In yet another case, of a political nature, the Spanish Civil War, the Brazilian government refused a suggestion to offer collective mediation by the American countries in the conflict between the governmental Republicans and the nationalist rebels. Responding by a diplomatic note to a consultation by the Uruguayan government, the minister of Foreign Affairs stated, in 1936: “The Brazilian government has no desire, whatsoever, to meddle itself in any case in internal conflicts of any foreign country. Besides, in this case, to have a mediation as such, there should be previously a recognition of the belligerent state of the rebels, because the contrary would mean an intervention in the domestic life of Spain”. (Cf. Ministry of Foreign Affairs Report for the year of 1936, Annex A, document 5, p. 33.)

8. The non-intervention as a test case: the bipolar age and the Cuban affair

At the very inception of the contemporary system of international relations, with the creation of the United Nations, Brazil reinforced its juridical attachment to the introduction of the principle of non-intervention as a legally binding obligation of the member States. Reporting on the participation of the Brazilian delegation to the San Francisco conference, in April-June 1945, its head, Ambassador Leão Velloso, stated proudly: “Among the twenty amendments presented by the Brazilian Delegation, one is specially noteworthy, that related to the principle of non-intervention in the internal and external affairs of any country, already consolidated in the Conventions of Montevideo [1928], in the Protocol of Buenos Aires [1933] and in the Lima Declaration [1938]. (…) The Brazilian delegate who presented it at the competent technical committee had the satisfaction to see the adoption of the principle of non-intervention in one of the amendment to the Dumbarton Oaks proposals. In the same manner, we had the pleasure to see the incorporation into the Charter text of the principles that we also upheld and that refer to human rights, to freedom, including freedom of religion, and equality of races and gender”. (Cf. Report of the Brazilian Delegation to United Nations Conference for an International Organization, 1945, p. 14)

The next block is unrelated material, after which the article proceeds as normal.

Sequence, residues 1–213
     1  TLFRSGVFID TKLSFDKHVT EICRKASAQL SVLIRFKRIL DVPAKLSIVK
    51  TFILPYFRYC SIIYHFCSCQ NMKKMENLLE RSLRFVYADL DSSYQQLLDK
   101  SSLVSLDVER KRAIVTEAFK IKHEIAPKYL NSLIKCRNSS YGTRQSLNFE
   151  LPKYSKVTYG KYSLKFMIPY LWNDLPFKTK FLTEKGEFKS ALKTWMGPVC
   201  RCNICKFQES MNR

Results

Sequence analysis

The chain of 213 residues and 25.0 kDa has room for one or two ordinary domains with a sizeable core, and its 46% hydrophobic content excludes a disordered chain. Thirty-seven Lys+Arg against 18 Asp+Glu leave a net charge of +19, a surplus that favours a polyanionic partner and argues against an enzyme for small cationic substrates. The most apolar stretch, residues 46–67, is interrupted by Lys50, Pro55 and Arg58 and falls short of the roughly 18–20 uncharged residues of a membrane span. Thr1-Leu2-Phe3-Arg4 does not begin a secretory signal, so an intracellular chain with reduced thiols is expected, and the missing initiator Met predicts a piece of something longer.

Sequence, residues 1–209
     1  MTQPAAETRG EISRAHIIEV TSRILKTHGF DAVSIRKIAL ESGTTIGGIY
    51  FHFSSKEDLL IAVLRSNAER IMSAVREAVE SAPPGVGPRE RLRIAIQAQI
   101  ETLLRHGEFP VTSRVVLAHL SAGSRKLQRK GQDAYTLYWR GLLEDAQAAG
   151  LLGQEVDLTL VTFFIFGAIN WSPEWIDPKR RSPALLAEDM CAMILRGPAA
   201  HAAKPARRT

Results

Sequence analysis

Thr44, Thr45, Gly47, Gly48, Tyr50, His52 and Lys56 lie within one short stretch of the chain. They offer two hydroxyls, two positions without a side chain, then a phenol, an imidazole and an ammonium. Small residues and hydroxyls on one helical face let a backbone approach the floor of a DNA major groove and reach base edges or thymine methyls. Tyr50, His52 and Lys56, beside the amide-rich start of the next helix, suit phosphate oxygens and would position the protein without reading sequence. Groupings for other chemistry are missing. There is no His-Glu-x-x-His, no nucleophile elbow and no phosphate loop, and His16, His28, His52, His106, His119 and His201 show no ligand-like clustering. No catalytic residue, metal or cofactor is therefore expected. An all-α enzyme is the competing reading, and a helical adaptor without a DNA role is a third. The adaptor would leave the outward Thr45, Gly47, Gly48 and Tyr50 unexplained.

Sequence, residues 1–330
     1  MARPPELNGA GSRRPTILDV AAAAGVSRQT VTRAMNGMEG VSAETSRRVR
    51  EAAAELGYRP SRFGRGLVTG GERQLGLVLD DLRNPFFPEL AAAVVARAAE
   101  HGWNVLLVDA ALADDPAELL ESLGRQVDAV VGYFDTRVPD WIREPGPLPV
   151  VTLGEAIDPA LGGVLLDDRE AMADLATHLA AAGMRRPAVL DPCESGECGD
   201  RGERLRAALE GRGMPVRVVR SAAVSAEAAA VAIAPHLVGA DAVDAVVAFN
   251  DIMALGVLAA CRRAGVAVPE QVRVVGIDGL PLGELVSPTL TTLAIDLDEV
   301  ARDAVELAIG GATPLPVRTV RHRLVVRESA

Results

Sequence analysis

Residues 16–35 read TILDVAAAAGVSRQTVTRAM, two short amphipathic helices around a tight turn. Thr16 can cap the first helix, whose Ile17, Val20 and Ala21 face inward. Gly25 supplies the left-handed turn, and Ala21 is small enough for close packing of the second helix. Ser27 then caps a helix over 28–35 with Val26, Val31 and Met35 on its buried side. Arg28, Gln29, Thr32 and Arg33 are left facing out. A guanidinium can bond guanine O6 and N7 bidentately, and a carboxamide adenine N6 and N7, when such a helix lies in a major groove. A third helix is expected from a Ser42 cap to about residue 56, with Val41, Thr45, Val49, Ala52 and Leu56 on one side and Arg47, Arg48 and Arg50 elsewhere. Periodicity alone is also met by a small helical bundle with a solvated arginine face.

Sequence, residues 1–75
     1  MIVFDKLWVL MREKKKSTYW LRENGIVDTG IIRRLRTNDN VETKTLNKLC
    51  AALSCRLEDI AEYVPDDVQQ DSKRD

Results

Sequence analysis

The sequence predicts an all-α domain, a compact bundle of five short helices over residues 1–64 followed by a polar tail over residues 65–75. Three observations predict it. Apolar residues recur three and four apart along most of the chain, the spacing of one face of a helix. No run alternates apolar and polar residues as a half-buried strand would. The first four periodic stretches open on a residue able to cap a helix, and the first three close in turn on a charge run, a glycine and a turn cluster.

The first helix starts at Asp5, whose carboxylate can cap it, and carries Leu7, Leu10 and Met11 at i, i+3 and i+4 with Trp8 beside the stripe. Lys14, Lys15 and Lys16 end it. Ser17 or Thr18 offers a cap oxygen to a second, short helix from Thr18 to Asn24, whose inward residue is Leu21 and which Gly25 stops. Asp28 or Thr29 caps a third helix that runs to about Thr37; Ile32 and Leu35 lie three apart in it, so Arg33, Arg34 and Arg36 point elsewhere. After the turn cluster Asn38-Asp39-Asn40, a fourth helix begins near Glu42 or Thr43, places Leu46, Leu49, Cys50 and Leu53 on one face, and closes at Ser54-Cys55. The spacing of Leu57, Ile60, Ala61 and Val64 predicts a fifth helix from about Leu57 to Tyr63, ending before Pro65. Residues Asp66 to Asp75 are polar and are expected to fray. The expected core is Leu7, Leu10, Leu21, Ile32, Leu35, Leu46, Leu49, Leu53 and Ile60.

This principle would sustain some turbulence in its practical application in later years, arising from the polarization of the world scenario with the Cold War, the growing bellicosity of the Soviet Union and its concrete manifestations in Latin America. From the very start, Brazil was especially cooperative with the United States in the approval of the par excellence instrument of the Cold War in Latin America, that is the Inter-American Treaty on Reciprocal Assistance (TIAR), approved at a conference in Petropolis, Rio de Janeiro, in 1947, which would offer the conceptual basis for the signing, two years later, of the Washington treaty creating the North Atlantic Treaty Organization (NATO). Both of these treaties were founded on the notion of collective security and continental solidarity in case of any attack against any one of the parties of the treaty. The explicit target of both instruments was the Soviet Union and its attempts of subversion in Latin America and Europe, the latter with a more militaristic character.
The real test for Brazil arose at the time of the Cuban affair, even before the dramatic events of the Soviet missiles in the island, in September-October 1962. Very early in the radicalization of the Cuban government and its manifest inclination toward a Socialist model of society, Fidel Castro and Ché Guevara, among other Cuban leaders, started to support guerrilla movements in some Central and South American countries, among them Venezuela – then a perfect democratic State. This provoked the interpellation of the Cuban government at meetings of the Organization of the American States. Already in August 1960, a consultative meeting of the OAS held in Costa Rica approved a resolution against the covert operations and the interference of the Cuban government inside other member States.
Subsequently, accompanying the disastrous invasion of Cuba by anti-Socialist rebels, in April 1961, Fidel Castro declared Cuba’s adherence to the Marxist-Leninist doctrine, and his intention to build up Socialism in the Caribbean island. Shortly afterwards, the Venezuelan government raised the question of Cuban intervention in its internal affairs, but the revelation that Soviet and Chinese weapons were being smuggled through Cuba to those guerrilla groups allowed for the USA to invoke the 1947 assistance treaty, to resist ‘foreign aggression’.